As some readers probably know, I spend quite a bit of my time working on Internet policy related matters. Some of it may appear incredibly boring, but it matters. (If you really want me to explain why it matters I'd be happy to do so!) Since earlier this year I've been part of a small team of people drawn from the four corners of the globe and asked to re-examine "whois". more»

What New gTLD Applicants Need Is a Quick, Lightweight Answer to the World's Governments. Here It Is.

It's safe to say that with just a week to go before ICANN intended to sign the first contract for a new gTLD, the last thing anyone wanted was a 12-page document from the world's governments with 16 new "safeguards", six of which it wants to see applied to every new extension. But what the industry shouldn't overlook, especially in the face of the expected critical responses this week and next, is that the Governmental Advisory Committee's (GAC's) formal advice from the ICANN Beijing meeting represents an opportunity for the domain name industry to lock-in self-regulation at a critical point in its evolution. more»

Pandora's Box - New US Cyber Security Bills Create a Worm Hole in the Internet Galaxy

There are two Bills that are floating through the corridors of power on the Hill that could potentially change the course of civil and political rights within the United States and the world. One was introduced through the House of Representatives and the other through the Senate. The two Bills touch on a common thread that are premised on "national security" however there are interesting challenges that will surface should the Bills be passed that affect global public interest that require further examination, introspection and discussion. more»

Follow a Phishing Case in Real Time: postfinances.com / Swiss Post

It is just another phishing case. Why should I care? I happened to receive my own copy of the phishing email message. Most Internet users will just smile bitterly before deleting it. I checked it to see why it had gone through the spam filters. It had no URL in the text but a reply-to address. So it needed a valid domain name, and had one: postfinances.com. PostFinance (without trailing "s") is the payment system of the Swiss Post. It has millions of users. more»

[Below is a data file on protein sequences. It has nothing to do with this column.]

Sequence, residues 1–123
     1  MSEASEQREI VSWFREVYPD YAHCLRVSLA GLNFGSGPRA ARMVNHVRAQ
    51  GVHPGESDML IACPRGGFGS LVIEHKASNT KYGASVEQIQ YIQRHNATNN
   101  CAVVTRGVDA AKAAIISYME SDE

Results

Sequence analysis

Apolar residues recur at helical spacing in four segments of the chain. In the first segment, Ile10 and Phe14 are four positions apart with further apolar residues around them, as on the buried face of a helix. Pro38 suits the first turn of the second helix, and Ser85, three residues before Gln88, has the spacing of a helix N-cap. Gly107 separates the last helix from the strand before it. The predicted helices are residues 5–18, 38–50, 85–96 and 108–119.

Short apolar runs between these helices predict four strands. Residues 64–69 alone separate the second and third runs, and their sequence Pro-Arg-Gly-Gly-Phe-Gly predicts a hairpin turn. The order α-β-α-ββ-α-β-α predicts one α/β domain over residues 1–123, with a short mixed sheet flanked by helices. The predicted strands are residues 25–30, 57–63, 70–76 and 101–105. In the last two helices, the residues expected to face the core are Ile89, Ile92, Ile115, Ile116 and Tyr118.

European Privacy Authorities Object to ICANN Whois Proposals

In response to a letter from ICANN's Noncommercial Users Constituency (NCUC) to data protection authorities concerning overreaching requests of law enforcement agencies in ICANN's ongoing Registrar Accreditation Agreement negotiations, the Article 29 Data Protection Working Party has written the ICANN Board. more»

Is It About to Get Much Harder to Own a Domain Name?

Question: why has air travel become so painful? Because the threat posed by bad actors requires making everyone jump through hoops before letting them board a plane. To the point that, despite obvious requirements to ensure air safety, some are now openly questioning if the cure is not worse than the disease. Registering a domain name could be about to go the same way. more»

De Facto Rules a Boon to Rogue Players

In Ian Flemming's Thunderball M sends 007 to the Bahamas on a hunch that SPECTRE is hiding something there. Well, it's been our hunch for a while that the Bahamas "office" for the Registrar Internet.BS does not exist. Now we have confirmation of such. It has been documented in an explosive undercover expose by LegitScript that Internet.BS address as stated could not be verified, could not accept mail, and that the business itself could not actually be found in the Bahamas. more»

A Confession About The ICANN WHOIS Data Reminder Policy

With all the recent attention to WHOIS, it's time for a confession: I'm somewhat guilty for the infamous WHOIS Data Reminder Policy. With hindsight, it's a bad policy, and it needs to die. The year was 2002. ICANN's DNSO (soon to be renamed as the GNSO) had a WHOIS Task Force, and was trying to extract policy choices from an ill-conceived and worse-executed survey of assorted self-selected stakeholders. more»